Like set painting, set sculpture has its roots in theatrical decoration and can look back on a long and varied history. Having essentially originated out of sculpture itself, set sculpture has since carved out a niche characterized by the use of specific materials, designs and technologies to create a particular scenic framework for theatrical performances, films and televisual productions. Modern set sculpture is now used in a wider range of applications than ever before, and is also to be found in advertising and the design of exhibitions, trade fairs and public spaces. Technologies and sculptural objects developed in a theatrical environment are well-suited to these flexible, temporary usages.
The course aims to reflect the many design possibilities and applications that exist in the field of set sculpture. Building on a foundation of comprehensive sculptural theory combined with sound basic drawing and painting skills, students learn to master a variety of design techniques and appreciate the aesthetic effect thereof. Another key element of their course is gaining theoretical knowledge and practical experience of relevant production technologies.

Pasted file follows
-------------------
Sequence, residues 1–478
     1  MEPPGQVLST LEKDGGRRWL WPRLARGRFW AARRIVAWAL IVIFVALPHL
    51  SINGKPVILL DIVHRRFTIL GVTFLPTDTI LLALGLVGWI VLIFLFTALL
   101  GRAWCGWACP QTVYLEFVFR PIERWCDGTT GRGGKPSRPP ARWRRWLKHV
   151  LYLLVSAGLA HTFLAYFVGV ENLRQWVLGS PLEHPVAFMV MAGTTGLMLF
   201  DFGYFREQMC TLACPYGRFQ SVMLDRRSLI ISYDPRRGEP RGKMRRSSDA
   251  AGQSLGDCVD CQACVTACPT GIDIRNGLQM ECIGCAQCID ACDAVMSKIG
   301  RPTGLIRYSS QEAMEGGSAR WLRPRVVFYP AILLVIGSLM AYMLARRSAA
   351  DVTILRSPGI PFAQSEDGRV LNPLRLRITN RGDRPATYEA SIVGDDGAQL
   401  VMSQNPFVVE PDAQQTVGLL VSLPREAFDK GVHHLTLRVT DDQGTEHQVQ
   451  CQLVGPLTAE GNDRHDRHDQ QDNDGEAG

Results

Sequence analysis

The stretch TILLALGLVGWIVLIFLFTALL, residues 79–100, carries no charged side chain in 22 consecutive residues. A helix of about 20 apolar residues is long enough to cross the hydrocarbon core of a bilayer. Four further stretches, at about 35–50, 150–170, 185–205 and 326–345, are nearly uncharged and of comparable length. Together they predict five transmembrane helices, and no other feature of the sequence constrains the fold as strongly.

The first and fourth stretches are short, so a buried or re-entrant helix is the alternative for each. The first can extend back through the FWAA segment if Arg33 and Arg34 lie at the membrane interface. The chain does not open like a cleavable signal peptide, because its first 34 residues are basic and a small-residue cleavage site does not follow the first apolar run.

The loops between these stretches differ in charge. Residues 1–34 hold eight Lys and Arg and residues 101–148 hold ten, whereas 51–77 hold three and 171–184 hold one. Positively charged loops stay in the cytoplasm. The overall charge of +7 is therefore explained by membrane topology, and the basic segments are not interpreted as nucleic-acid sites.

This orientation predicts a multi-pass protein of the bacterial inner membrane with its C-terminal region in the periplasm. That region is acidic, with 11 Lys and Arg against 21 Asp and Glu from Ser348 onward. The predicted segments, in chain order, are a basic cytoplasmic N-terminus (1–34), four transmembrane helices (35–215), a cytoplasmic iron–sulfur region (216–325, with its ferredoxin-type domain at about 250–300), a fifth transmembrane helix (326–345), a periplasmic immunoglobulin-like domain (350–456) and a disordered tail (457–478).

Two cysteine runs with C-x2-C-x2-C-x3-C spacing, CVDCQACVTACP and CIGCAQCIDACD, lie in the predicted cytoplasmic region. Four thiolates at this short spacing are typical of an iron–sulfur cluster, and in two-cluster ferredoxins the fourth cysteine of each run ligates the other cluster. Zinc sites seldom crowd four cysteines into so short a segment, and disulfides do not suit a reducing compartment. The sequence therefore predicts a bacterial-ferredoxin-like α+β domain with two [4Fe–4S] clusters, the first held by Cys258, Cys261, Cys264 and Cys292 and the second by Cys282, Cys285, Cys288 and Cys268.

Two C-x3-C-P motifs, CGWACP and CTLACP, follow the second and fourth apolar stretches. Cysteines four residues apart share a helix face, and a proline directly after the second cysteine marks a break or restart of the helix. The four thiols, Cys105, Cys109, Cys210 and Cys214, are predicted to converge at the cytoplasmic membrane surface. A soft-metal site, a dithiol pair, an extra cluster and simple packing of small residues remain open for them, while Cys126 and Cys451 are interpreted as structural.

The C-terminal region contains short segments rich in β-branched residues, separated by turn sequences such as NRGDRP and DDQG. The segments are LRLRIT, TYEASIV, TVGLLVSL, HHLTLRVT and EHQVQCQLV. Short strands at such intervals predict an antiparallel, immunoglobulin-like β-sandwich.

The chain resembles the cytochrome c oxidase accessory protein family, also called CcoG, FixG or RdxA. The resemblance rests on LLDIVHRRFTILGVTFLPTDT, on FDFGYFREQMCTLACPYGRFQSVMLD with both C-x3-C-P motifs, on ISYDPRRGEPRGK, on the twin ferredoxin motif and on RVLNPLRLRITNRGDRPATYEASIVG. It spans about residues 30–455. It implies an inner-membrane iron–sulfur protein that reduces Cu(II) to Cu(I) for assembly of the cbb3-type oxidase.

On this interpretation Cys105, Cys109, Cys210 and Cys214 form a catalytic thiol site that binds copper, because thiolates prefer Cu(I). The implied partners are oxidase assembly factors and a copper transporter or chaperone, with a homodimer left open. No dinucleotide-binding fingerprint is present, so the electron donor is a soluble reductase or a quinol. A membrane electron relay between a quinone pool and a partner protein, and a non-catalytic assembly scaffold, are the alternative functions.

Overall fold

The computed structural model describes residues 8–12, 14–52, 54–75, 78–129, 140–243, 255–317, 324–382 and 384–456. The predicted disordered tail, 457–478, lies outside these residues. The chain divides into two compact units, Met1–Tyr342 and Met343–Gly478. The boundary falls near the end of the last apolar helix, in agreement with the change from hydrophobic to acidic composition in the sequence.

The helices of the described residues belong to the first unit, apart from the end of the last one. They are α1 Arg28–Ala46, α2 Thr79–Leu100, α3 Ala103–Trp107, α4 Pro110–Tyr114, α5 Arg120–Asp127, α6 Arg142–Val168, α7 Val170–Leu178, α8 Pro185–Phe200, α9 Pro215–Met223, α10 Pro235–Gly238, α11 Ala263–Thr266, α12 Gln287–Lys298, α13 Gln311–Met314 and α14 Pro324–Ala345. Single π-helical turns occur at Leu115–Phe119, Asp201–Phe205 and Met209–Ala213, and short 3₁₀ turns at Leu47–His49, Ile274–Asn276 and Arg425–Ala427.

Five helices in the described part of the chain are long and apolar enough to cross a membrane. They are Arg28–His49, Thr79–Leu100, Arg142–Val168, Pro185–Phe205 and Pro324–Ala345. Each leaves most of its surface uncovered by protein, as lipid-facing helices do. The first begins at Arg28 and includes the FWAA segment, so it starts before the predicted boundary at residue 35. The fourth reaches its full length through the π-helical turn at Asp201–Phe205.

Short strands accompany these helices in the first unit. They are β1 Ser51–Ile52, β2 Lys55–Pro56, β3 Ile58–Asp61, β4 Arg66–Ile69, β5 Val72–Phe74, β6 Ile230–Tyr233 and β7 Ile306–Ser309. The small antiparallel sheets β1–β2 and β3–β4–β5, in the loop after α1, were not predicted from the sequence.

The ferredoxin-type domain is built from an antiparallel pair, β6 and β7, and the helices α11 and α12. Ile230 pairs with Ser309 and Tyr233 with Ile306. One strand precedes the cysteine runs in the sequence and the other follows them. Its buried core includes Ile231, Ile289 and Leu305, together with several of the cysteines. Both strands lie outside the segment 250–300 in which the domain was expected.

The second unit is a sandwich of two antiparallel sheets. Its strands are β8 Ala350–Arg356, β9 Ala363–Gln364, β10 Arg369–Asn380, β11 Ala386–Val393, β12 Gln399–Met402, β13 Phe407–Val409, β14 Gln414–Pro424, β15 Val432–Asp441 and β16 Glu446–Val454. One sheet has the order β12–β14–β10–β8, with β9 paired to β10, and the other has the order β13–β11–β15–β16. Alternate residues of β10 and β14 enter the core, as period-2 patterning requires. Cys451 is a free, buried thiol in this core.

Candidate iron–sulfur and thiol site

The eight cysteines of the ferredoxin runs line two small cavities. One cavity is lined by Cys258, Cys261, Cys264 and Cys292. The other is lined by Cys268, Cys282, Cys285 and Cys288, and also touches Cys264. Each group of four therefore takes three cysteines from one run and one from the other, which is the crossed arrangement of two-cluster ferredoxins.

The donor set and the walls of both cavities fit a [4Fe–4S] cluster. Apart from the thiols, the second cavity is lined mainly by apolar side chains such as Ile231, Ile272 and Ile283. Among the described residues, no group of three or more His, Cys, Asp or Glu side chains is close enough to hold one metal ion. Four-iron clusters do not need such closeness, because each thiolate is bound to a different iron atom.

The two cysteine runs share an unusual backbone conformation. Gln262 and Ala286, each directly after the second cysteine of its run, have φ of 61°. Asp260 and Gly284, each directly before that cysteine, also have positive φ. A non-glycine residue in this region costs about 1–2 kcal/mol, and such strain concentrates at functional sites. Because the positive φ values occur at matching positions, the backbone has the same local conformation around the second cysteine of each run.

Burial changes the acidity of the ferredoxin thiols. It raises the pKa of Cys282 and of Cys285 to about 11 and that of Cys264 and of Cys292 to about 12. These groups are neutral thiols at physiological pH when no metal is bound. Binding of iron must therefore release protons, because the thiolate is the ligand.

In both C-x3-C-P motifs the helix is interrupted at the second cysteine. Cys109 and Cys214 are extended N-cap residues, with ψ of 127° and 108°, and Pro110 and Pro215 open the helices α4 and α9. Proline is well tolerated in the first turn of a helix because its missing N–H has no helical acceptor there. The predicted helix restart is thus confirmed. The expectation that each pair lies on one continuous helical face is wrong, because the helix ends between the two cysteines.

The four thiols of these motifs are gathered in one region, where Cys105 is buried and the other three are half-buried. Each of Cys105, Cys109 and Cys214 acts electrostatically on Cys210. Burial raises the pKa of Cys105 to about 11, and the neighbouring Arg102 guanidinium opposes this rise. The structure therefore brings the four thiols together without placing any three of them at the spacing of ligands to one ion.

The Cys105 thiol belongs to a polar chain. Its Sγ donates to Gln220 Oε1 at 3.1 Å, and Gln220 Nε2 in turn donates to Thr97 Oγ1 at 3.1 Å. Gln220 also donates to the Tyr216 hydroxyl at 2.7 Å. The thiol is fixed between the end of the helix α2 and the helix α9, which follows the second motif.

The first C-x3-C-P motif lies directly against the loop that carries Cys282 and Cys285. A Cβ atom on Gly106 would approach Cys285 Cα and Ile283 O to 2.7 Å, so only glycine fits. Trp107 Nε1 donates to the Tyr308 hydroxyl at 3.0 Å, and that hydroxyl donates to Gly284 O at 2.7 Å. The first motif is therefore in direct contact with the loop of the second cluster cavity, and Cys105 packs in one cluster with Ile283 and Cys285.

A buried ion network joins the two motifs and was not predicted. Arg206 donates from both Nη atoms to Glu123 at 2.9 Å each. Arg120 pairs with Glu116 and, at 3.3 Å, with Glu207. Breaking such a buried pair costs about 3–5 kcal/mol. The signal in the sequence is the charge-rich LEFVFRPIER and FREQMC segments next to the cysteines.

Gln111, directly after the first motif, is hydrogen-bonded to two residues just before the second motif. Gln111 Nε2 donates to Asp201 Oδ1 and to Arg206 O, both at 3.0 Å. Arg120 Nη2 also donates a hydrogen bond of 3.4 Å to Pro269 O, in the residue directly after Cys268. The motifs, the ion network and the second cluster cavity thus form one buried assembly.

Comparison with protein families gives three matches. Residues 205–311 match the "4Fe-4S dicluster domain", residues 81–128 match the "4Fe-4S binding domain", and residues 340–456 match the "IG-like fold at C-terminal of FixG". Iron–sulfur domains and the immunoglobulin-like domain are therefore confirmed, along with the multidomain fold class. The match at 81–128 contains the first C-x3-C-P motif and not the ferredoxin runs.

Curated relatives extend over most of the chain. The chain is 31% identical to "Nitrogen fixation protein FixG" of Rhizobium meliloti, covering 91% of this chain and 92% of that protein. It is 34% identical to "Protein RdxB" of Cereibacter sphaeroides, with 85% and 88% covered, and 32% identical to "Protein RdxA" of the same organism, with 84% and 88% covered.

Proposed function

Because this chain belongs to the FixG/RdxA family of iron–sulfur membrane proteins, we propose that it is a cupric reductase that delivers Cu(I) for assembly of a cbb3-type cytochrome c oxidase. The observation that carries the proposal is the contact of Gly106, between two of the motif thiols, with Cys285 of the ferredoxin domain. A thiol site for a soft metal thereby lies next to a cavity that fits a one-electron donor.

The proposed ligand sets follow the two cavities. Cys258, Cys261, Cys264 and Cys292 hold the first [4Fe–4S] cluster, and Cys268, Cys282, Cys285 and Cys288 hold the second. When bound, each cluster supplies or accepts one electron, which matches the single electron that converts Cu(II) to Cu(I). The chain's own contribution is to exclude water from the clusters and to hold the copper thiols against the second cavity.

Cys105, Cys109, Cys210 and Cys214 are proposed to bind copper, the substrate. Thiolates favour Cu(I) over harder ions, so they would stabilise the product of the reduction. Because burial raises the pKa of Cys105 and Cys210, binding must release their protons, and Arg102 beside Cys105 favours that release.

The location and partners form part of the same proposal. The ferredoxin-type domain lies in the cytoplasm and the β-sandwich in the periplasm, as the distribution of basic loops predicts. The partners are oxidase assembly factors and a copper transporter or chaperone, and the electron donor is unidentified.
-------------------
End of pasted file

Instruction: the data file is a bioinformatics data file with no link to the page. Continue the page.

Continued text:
Set sculpture is primarily an interpretative art, and therefore requires an assured, intuitive understanding of stylistics and artistic language. The selection of suitable technologies and design methods enables theatrical sculptors to appropriately develop set blueprints and prepare them for implementation on stage. The course therefore teaches various classical sculptural disciplines such as figure, portraits, reliefs and animal sculpture on the one hand, and imparts comprehensive knowledge of relevant technology and materials on the other.
The sheer breadth of potential employment scenarios requires theatrical sculptors to not only display an increasing level of flexibility and ability to work autonomously, but also be able to participate smoothly and efficiently in production teams.